Pesticides, Can we avoid them? Written by Anna Maria Volpi
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Can washing of produce help get rid of pesticides? Not really. The fruits and vegetables tested by USDA PDP (*) are “prepared emulating practices of average consumer” before testing for pesticides. That is: “(1) apples are washed with stems and cores removed; (2) asparagus and spinach have inedible portions removed and are washed; (3) cantaloupes are cut in half and seed and rinds are removed; […] and (9) tomatoes are washed and stems removed”.
Washing before consuming is highly recommended because helps decrease pesticide residues present on surface of vegetables, but majorities of pollutants are absorbed into plant and can’t be just washed away. Some pesticides are specifically created to stick to surface of crops and they don’t come out by washing. Peeling can help eliminating some of chemicals but not all, and a lot of important substances will be discarded with skin.
So, on one hand we have to eat plenty of fruit and vegetables for a healthy diet, and on other hand we have to reduce as much a possible intake of pesticides. What to do if you are unconvinced by claims of chemical companies that certain levels of pesticides are not dangerous?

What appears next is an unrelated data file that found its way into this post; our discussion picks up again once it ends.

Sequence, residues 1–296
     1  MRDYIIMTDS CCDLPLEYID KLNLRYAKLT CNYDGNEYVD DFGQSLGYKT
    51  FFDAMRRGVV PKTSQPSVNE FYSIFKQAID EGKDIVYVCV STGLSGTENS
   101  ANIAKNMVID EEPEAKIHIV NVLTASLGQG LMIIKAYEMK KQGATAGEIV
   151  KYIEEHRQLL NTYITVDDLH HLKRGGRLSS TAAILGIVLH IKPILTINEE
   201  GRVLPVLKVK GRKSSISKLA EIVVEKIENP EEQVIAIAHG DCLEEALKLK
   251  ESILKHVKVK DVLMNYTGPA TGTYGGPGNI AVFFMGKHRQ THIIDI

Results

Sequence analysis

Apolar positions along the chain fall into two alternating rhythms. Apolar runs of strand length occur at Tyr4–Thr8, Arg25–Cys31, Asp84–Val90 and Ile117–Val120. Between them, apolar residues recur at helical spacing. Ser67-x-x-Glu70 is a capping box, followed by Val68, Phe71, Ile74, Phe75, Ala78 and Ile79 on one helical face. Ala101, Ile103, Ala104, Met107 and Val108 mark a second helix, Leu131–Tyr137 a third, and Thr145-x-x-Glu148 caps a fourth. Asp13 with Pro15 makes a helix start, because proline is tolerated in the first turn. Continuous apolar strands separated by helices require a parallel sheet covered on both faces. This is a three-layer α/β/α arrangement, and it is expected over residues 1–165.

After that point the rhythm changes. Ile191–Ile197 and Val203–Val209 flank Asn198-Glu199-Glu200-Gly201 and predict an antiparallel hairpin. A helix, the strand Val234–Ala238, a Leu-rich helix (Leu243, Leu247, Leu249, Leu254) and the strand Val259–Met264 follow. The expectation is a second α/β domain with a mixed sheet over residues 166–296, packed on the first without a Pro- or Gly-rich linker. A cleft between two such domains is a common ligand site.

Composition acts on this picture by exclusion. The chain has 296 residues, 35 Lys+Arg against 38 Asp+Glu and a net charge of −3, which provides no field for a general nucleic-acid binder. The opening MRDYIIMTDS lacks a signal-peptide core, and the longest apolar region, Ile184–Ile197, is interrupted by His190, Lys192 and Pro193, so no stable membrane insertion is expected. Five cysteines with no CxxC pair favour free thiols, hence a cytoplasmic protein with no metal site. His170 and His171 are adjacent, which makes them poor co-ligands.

We have very few options to defend ourselves: (1) Wash all vegetables and fruit very well; (2) Change eating habits in order to consume more of produce with low pollutants; (3) Consume a diet as varied as possible; (4) Buy organic foods.
Anna Maria Volpi is a cooking instructor and personal chef in Los Angeles. Visit Anna Maria’s website http://www.annamariavolpi.com/ for step-by-step illustrated traditional Italian recipes for tiramisu, pasta, pizza, lasagna, risotto, gnocchi and much more, articles and food newsletter.
Light Veal Recipes to Barbeque or to BroilWritten by Hans Dekker
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There are many wonderful light veal recipes that you can serve that will delight even hardest to please. This next recipe is for a variation of veal Milanese that creates a light veal recipe that will ensure low calories. This would be a perfect dish to serve at any gathering. For this recipe you will need 1 chopped cucumber, 2 tablespoons of lemon juice, 4 cups of torn romaine lettuce, 6 ounces of arugula, 1 red thinly sliced red onion, 16 halved cherry tomatoes, 8 veal cutlets, 4 teaspoons of olive oil, salt and pepper to taste. Using a blender, puree cucumber with lemon juice and a tad of salt. In a large bowl, toss lettuce, arugula, onion and tomatoes. Pound veal into thin cutlets around 1/8 inch thick. Rub veal cutlets with olive oil and season with salt and pepper. Pre-heat broiler. Broil your veal cutlets for around 5 minutes, five inches of heat until desired doneness. Now, you can pour cucumber dressing over your green salad and place on serving dish for each individual and top with 2 veal cutlets.
Hans is author of Steaks, Seafood and Barbeque guide and the Grill and Barbeque section of Patio Furniture Ideas